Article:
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City Council

--A regular meeting of the Council was held yesterday afternoon at 4 o'clock.

The minutes of the preceding meetings for the month of July were read and approved.

Mr. Hill submitted a report from the Committee on the Gas Works, setting forth an exhibit of the receipts and expenditures, in which it was shown that the works failed to the extent of over one hundred thousand dollars towards paying its expenses.

Mr. Denoon, from the Committee on the Water Works, presented a report and resolution asking an increase of fifty per cent. on the present water rates, which were adopted.

A petition presented by Mr. Crutchfield from certain officers of the city government, asking permission to purchase supplies from the city supply store, was referred to the Committee on Supplies.

Mr. Crutchfield also presented a petition signed by a large number of citizens, asking that some plan be adopted to regulate the weight of bread sold by the bakers. According to an actual calculation made, each barrel of flour made up by the bakers yielded a profit of from three to four hundred dollars. It was well ascertained that they obtained their flour at from $250 to $325 per barrel, whereas seven hundredloaves of bread was the average yield per barrel. Mr. C. said these facts were established beyond a doubt, and he defied contradiction from those interested. The petition was referred to a special committee, consisting of Messrs Crutchfield, Griffin, and Stokes.

A petition was presented by Mr. Glazebrook from Colin Bass, Superintendent of the Virginia Penitentiary, asking that the city furnish to that institution any surplus amount of salt they may have on hand, at the price formerly asked of the citizens.--Referred to the Committee on Salt.

A resolution was offered by Mr. Hill, and returned to the Committee on Supplies, asking that said committee be authorized to make such provisions as will secure supplies for the citizens of Richmond at reduced prices. The mover of the resolution presented strong argument in favor of his resolution, and asserted that several responsible parties were disposed to undertake the job of furnishing beef and other fresh meats to the citizens at $2.50 to $3 per pound, whilst we were now compelled to pay six dollars for a vastly inferior article. In his opinion, if something was not done, beef would soon be ten instead of six dollars per pound.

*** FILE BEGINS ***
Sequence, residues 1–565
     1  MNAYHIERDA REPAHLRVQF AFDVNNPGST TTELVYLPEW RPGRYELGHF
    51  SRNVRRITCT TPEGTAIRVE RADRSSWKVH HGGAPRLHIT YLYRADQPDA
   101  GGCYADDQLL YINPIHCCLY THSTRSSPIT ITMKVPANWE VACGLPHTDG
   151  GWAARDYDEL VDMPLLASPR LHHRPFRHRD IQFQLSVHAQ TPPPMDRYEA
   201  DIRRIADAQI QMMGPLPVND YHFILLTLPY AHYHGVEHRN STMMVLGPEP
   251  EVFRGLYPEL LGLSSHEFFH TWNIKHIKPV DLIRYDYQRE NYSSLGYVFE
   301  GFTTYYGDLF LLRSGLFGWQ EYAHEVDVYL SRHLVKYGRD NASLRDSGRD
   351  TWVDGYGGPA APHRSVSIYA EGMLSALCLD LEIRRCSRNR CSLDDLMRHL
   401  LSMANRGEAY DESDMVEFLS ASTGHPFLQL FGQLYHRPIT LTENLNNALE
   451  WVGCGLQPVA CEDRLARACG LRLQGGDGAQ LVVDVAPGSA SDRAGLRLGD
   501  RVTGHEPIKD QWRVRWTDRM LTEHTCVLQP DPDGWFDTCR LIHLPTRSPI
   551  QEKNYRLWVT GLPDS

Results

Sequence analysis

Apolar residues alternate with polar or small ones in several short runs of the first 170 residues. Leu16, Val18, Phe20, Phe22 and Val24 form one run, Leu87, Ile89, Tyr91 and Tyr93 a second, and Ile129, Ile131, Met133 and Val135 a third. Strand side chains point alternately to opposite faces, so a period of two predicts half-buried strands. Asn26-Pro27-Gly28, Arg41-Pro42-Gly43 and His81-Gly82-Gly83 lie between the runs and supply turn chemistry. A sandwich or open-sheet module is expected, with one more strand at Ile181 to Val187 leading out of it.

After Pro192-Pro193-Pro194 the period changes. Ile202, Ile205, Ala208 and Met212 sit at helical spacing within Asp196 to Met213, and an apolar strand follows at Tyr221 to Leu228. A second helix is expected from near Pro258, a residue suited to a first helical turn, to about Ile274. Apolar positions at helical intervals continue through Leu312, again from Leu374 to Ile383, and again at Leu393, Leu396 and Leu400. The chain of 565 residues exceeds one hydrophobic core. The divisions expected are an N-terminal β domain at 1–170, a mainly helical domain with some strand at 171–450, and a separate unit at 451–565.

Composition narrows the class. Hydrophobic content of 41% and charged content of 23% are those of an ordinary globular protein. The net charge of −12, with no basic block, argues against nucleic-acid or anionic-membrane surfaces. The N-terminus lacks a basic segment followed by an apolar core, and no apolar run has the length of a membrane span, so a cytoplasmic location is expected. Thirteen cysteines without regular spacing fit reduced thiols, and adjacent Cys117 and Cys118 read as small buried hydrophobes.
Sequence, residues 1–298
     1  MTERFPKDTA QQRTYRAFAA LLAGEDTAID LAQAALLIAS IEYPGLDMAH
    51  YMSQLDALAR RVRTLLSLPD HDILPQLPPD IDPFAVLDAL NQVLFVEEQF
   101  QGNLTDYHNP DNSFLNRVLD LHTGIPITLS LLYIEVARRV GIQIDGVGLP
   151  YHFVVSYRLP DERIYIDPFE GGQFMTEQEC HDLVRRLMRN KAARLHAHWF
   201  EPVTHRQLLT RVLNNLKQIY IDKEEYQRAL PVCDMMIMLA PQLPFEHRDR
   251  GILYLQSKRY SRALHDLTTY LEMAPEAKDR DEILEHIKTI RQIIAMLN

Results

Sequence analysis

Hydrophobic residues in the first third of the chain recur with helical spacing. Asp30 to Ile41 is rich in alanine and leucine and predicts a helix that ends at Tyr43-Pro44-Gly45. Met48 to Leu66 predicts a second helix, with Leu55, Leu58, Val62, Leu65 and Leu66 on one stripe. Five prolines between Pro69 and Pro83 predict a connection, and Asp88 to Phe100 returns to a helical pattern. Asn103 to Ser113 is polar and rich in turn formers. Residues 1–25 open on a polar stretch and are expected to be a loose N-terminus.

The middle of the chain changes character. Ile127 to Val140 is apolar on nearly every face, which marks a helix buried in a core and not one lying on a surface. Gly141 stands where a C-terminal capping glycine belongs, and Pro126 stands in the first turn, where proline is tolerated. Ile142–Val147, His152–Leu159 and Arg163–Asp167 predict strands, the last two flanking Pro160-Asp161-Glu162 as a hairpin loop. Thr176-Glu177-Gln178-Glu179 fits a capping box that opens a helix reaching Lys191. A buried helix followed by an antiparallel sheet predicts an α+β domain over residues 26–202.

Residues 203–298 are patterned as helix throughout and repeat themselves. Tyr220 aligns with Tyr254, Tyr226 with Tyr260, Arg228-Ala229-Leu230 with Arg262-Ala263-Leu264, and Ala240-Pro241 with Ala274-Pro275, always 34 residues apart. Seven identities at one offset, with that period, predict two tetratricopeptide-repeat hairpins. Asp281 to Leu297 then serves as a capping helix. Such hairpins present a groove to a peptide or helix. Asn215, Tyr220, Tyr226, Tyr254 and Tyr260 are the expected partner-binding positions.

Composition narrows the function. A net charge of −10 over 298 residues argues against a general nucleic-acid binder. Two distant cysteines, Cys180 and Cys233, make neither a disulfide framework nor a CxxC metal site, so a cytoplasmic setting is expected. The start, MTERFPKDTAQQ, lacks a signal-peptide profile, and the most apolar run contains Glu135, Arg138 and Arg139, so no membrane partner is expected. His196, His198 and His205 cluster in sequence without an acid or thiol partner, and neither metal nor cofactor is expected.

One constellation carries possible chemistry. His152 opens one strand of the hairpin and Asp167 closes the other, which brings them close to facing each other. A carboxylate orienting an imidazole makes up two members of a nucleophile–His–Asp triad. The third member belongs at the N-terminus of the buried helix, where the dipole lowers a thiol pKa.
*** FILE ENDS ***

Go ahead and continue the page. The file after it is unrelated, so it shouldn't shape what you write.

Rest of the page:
A petition offered by Mr. Griffin from Joseph Hall, deputy jailor, asking that he be allowed $1,200 additional for exacting from the prisoners before they are confined in jail every article of value, save clothing, in their possession, was laid on the table.

Mr. Walker presented a petition, signed by over seven hundred citizens of Richmond, asking that Capt James B Pleasants, recently removed by the Council from the head of the City Watch, be reinstated. Afthe reading of this document, Mr. W made an elaborate argument in its favor. He pronounced the offence of Capt. R, If it could be considered an offence at all, a trivial one, and demanded to know who was the informant against him. It was done, he said, by one John J Green, of New Kent, whom the Council had unanimously rejected for a position in the police, after he had been recommended by the Mayor.--Subsequently, however, the Mayor had arrogated to himself the right to appoint said Green as his private secretary, a position which had heretofore been performed by some member of the day police. Justice to Capt P, and a proper regard for the wishes of the people, demanded that speedy action should be had in the matter, and he hoped that whatever the Council proposed doing would be promptly done.

After some little debate the subject was referred to the Committee on the Police.

Some other unimportant business was transacted, after which the Council adjourned.

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